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Agencies, Fishermen and First Nations See Problems for Salmon and Wildlife


November 02, 2007
Friday AM

The plan to use hoverbarges, "amphitracs," and shallow draft tugs to access the Tulsequah Chief mine in the Taku River watershed in Southeast Alaska has received resounding criticism from regulatory agencies in Canada and Alaska, the United Fishermen of Alaska (UFA) and the Taku River Tlingit First Nation (TRTFN). According to a news release from Rivers Without Borders, new information shows Redcorp's hoverbarge proposal poses clear threats to fish and wildlife in the Taku, while the company's technical analysis understates these risks and is full of significant information gaps.

"The Taku is Southeast Alaska's most important salmon river and is no place for a junior Canadian mining company to experiment with risky, untried technologies," said Chris Zimmer of Rivers Without Borders. "The company's proposal is full of holes and doesn't demonstrate they can protect fish or wildlife. The reactions the company is getting on its plan reflect that."

The US Department of the Interior, Canadian Department of Fisheries and Oceans and TRTFN recently submitted to the British Columbia government a wide range of concerns regarding potential threats to salmon, wildlife and their habitats from the hoverbarge plan and noted significant gaps in Redcorp's technical analyses. These are in addition to critical memos written by Alaska Department of Fish and Game (ADFG) biologists in May. The US EPA is expected to submit comments soon and they are expected to also be critical said Zimmer.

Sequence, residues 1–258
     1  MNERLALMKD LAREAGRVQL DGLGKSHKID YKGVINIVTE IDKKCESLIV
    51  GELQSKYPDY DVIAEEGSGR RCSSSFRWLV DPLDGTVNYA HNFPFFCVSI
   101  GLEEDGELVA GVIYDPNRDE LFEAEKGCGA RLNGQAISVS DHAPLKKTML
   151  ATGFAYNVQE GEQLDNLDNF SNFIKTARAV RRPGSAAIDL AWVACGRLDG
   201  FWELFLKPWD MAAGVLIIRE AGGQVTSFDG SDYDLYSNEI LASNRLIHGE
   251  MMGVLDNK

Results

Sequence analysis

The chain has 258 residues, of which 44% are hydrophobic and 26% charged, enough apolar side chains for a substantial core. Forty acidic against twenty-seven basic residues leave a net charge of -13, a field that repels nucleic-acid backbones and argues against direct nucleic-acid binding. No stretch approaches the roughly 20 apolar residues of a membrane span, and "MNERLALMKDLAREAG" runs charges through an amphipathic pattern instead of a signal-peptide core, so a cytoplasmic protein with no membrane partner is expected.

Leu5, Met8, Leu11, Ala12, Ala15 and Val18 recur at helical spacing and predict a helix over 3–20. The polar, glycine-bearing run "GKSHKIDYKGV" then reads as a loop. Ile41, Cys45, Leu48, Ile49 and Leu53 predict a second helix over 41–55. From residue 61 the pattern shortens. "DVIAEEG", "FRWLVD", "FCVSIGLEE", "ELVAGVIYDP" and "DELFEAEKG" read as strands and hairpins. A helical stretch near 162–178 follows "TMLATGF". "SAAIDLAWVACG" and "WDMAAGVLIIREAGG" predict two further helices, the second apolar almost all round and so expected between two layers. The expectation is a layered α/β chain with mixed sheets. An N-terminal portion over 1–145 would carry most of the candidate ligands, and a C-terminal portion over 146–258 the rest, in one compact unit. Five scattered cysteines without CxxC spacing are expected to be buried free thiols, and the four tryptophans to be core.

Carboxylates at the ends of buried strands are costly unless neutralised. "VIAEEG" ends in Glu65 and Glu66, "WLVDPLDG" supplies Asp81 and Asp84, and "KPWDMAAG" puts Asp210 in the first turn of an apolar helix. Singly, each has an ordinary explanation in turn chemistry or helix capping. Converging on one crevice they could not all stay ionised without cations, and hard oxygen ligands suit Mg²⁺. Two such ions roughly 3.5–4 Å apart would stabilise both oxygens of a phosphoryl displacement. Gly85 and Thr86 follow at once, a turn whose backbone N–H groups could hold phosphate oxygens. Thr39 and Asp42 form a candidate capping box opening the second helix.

UFA, Alaska's largest commercial fishing group, passed a motion at their board meeting October 26 stating, "UFA opposes the Tulsequah Chief Mine transportation plan until such time that the issues raised by the Alaska Department of Fish and Game have been resolved in favor of protection of the fishery resource and associated habitat."

Issues raised by agencies and the TRTFN include:

  • "This proposal by Redfern Corp. will damage valuable salmon spawning and rearing habitat which will lead to reduced numbers of salmon returning to the Taku River and the coastal waters near Juneau." May 2007 preliminary memo from ADFG Commercial Fish Division
  • "we do not believe that the documents as currently written, provide sufficient information for us to analyze the potential impacts on resources of concern to DOI; e.g., aquatic resources (including anadromous fish) and migratory birds."
  • "The analyses of potential impacts generally rely on a broad range of assumptions, which as currently presented, are not supported by actual "field experience" in conditions similar to those that will be encountered in the project area." October 5, 2007 letter from US Department of Interior to BC EAO
  • "Conclusions for significant adverse effects are provided in the absence of detailed site information or modeling which supports prediction of effects."
  • "No specific biophysical fish habitat assessments have been provided for the Taku River and the Big Bull Slough."